Undoubtedly, the most horrific act of terrorism would involve a nuclear strike on an American city. Washington officials have been formulating defense policy on this belief since President Clinton’s administration in the 1990’s. For years, U.S. planners have been doing everything in their power to come up with a viable long-term nuclear-defense strategy. Crisis management and conflict resolution are two of the most effective tools in this area, both of which can be used to minimize the physical and psychological casualties associated with a nuclear attack.
Unfortunately, conflict resolution and crisis management may not be enough. With the terrorist threat only increasing in significance, the widespread fear of a nuclear terrorist incident will only strengthen as more Americans worry about their personal safety.
Likewise, with all of the talk about “rogue states-” that unique club of countries that are both dangerous to international security and destabilizing to their respected regions- it is easy to get carried away about the state-nuclear terror connection. After all, one of the primary arguments for the U.S., Israeli and European Governments concerning Iran’s enrichment cycle is directly related to this analogy; with a nuclear-weapons capability, nations like Iran or Syria may find it useful to pass on their own nuclear technology to like-minded proxies (such as Hezbollah). In fact, for all of the bickering in the United States Congress about foreign-policy issues, the state-proxy nuclear relationship seems to be the only topic that cuts across partisan divides.
Therefore, concentrating solely on rogue states as the major source of nuclear technology for terrorist groups is an obvious exercise. But it is more than that…it is the only purveyor that the international community can pinpoint with complete confidence and accuracy.
Sure, terrorists can buy enriched uranium on the black-market, paying top-dollar to acquire some of the purist weapons-grade material science has to offer. But where would this weapons-grade material come from? Did it come from some kind of mysterious creature? How about from the soil? Of course not! It came from a legitimate nation that, for some reason or another, either decided to sell this information or get rid of it altogether.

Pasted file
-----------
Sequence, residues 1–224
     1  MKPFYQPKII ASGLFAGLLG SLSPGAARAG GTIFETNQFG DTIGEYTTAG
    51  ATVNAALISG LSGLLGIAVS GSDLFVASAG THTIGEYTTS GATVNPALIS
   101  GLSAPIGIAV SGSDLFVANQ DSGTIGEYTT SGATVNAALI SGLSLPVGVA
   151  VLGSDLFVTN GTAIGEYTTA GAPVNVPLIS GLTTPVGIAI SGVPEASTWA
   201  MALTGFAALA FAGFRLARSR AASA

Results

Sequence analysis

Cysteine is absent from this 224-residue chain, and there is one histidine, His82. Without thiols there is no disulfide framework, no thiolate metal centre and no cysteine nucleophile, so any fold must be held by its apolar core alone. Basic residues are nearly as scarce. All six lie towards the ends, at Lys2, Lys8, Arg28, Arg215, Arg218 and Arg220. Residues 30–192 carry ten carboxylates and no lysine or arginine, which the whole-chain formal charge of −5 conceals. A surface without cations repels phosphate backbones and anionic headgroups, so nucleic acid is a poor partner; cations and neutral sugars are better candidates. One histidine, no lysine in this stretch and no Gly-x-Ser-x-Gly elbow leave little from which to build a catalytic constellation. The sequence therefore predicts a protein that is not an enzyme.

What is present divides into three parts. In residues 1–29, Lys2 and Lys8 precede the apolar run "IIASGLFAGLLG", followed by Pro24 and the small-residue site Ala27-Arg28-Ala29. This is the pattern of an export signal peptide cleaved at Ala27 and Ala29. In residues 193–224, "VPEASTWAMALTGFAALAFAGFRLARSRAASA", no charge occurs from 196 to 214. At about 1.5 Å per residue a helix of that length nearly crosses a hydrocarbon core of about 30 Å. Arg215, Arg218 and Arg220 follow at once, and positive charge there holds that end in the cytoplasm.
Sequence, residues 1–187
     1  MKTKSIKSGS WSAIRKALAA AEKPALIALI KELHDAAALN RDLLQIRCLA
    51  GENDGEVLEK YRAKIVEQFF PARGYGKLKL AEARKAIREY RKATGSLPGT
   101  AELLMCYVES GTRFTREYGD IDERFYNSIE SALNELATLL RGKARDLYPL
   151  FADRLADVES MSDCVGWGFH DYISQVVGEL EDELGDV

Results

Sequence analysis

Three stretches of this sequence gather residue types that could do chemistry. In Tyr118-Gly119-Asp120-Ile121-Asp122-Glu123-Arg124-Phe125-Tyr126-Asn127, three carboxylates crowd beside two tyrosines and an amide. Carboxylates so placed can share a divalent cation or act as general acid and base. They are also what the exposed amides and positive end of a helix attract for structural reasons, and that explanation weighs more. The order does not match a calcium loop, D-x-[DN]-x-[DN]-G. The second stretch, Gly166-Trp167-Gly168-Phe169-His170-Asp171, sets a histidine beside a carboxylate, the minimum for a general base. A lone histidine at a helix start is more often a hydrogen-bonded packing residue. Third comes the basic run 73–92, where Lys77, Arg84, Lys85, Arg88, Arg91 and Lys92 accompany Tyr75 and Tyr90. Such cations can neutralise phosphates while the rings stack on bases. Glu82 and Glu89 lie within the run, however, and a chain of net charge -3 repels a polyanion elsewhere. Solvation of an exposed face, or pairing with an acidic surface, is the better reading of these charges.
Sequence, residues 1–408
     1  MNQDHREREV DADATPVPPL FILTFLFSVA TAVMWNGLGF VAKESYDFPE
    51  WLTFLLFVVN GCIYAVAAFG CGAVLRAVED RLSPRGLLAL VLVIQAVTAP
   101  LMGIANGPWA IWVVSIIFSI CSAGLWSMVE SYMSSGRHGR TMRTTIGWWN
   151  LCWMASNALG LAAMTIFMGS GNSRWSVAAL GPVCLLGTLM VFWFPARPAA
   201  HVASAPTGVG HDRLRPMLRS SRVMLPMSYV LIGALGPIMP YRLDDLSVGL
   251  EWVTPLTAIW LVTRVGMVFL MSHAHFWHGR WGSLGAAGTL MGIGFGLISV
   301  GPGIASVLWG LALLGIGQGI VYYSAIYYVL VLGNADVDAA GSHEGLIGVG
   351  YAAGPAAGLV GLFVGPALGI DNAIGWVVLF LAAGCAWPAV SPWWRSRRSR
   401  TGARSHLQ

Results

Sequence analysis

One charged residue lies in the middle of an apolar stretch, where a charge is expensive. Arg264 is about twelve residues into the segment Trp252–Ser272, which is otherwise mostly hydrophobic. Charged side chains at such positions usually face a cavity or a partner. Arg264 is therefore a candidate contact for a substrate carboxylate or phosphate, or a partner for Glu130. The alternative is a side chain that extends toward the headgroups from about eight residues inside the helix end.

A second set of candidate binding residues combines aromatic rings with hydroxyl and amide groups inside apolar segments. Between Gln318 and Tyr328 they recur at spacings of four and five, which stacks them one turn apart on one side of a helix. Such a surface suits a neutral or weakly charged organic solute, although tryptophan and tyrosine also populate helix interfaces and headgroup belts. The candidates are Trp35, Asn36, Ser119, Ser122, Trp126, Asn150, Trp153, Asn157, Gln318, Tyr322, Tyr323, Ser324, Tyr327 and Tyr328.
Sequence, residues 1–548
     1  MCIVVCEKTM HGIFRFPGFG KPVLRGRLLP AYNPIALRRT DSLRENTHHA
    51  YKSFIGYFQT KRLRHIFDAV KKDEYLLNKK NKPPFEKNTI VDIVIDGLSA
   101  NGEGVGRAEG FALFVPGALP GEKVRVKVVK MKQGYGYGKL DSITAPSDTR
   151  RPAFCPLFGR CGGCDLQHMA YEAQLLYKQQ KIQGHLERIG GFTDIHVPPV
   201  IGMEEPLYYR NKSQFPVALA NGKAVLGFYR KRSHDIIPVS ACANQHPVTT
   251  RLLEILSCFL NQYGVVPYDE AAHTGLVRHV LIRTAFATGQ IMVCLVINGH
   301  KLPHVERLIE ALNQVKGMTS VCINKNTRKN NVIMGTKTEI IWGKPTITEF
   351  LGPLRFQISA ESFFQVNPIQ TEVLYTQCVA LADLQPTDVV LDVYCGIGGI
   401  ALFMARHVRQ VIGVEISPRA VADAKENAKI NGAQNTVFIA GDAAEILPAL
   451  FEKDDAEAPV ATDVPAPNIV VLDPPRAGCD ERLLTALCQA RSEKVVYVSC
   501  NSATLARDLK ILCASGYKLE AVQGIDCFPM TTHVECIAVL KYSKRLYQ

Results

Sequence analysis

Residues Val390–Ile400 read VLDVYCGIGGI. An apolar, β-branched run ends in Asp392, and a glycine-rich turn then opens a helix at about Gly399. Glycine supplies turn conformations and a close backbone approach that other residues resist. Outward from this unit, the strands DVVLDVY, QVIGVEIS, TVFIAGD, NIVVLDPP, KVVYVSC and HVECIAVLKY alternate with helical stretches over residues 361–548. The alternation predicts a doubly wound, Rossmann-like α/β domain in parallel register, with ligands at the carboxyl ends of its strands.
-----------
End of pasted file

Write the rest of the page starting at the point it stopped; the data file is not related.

This is why Iran and Pakistan worry me so much. One is on its way into the nuclear-club (if the United States does not do something concrete about the problem) and the other already boasts a 100-warhead arsenal. If Pakistan was not the global home to all sorts of terrorists- and if the country’s civilian government was not already in a sorry-state of fragility and discontent- this may not be a problem. But, as we all know from recent Taliban attacks across the country, that statement is nothing but a delusional fantasy.
Likewise, I am not so convinced that states will exercise self-restraint with its nuclear resources at every possible turn. Generally, when a national economy starts going down the toilet, a state will try pretty much try anything to prevent an incoming tidal wave that will wipe out its political survival. Take North Korea, one of the poorest and most isolated countries on the face of the earth; the same country that has been selling nuclear secrets to other states for the past ten years.
Sure, Pakistan may not be as suicidal as North Korea. At least not when billions upon billions of American taxpayer dollars keep flowing in. But, minus the growing U.S. financial safety-net, we have to wonder how responsible Pakistan would be with its own nuclear secrets. Remember, in addition to an inefficient and depressed economy, Pakistan still has an axe to grind with India over Kashmiri territory.
-Daniel R. DePetris